New Employment Opportunities for Saudi Women

In May, the conservative Saudi writer Abdullah Muhammad al-Dawood sparked a controversy when he encouraged his nearly 100,000 Twitter followers to sexually harass Saudi women working as supermarket cashiers. Dawood used a story ascribed to the prophet Muhammad to argue that the harassment was morally justified since the aim was to discourage inappropriate behavior.

Dawood was responding to the sight of thousands of Saudi women taking retail jobs for the first time. Though a few privileged Saudi women have distinguished careers, until recently, there weren’t many opportunities for others. Most jobs in Saudi Arabia aren’t open to female applicants, and even highly educated women struggle to find work (60 percent of Saudi women with PhDs are unemployed). Jobs for Saudi women without degrees have been practically non-existent, and unskilled service jobs have traditionally been considered shameful.

But a group of Saudi women turned around the notion of shame, using it to make a case for a new group of working women. In 2008, Reem Asaad, a women’s college lecturer, argued that it was humiliating for women to buy underwear from male shop assistants. In 2011, King Abdullah banned men from working in lingerie shops, ordering that the jobs be opened to Saudi women. More recently, women have begun to work in other retail jobs, including supermarkets.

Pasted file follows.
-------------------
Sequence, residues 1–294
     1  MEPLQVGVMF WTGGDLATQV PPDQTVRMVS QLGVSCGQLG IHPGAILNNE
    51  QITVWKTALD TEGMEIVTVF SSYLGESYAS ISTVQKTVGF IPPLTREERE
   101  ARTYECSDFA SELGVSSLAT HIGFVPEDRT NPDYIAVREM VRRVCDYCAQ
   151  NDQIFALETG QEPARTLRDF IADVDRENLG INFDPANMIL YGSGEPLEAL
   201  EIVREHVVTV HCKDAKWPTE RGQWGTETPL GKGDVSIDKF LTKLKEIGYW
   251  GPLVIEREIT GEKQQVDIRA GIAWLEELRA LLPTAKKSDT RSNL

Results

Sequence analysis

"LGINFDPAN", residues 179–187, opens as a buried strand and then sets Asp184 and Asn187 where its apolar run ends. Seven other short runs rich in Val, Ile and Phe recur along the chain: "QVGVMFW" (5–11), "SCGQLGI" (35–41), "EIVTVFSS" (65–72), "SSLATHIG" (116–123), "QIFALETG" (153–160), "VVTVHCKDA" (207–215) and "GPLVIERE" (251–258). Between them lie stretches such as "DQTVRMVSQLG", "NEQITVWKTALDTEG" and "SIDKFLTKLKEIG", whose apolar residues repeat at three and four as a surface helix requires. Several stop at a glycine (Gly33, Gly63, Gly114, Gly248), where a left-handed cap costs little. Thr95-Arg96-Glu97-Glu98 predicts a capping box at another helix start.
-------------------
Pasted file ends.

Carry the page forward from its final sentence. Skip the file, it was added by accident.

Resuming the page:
Women Take the Wheel in Saudi Arabia

Saudi Arabia is the only country in the world where women are not allowed to drive. However, as more women enter the workforce, transportation is becoming a major issue.

This Week: An Arab Spring in Ladies Lingerie

To have female sales clerks staff the ladies lingerie department would seem like a no-brainer, except that it took a royal decree two years ago by King Abdullah to make it happen in Saudi Arabia.